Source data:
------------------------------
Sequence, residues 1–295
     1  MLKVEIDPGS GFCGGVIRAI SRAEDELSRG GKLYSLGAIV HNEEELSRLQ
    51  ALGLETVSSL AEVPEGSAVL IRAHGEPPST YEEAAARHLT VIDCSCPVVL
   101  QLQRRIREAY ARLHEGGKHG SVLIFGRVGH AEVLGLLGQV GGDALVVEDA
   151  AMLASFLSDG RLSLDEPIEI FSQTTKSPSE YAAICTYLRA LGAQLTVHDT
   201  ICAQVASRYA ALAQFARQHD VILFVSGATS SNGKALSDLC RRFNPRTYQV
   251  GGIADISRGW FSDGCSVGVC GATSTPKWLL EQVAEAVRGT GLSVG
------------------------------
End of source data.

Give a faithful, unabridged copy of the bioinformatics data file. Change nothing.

Sequence, residues 1–295
     1  MLKVEIDPGS GFCGGVIRAI SRAEDELSRG GKLYSLGAIV HNEEELSRLQ
    51  ALGLETVSSL AEVPEGSAVL IRAHGEPPST YEEAAARHLT VIDCSCPVVL
   101  QLQRRIREAY ARLHEGGKHG SVLIFGRVGH AEVLGLLGQV GGDALVVEDA
   151  AMLASFLSDG RLSLDEPIEI FSQTTKSPSE YAAICTYLRA LGAQLTVHDT
   201  ICAQVASRYA ALAQFARQHD VILFVSGATS SNGKALSDLC RRFNPRTYQV
   251  GGIADISRGW FSDGCSVGVC GATSTPKWLL EQVAEAVRGT GLSVG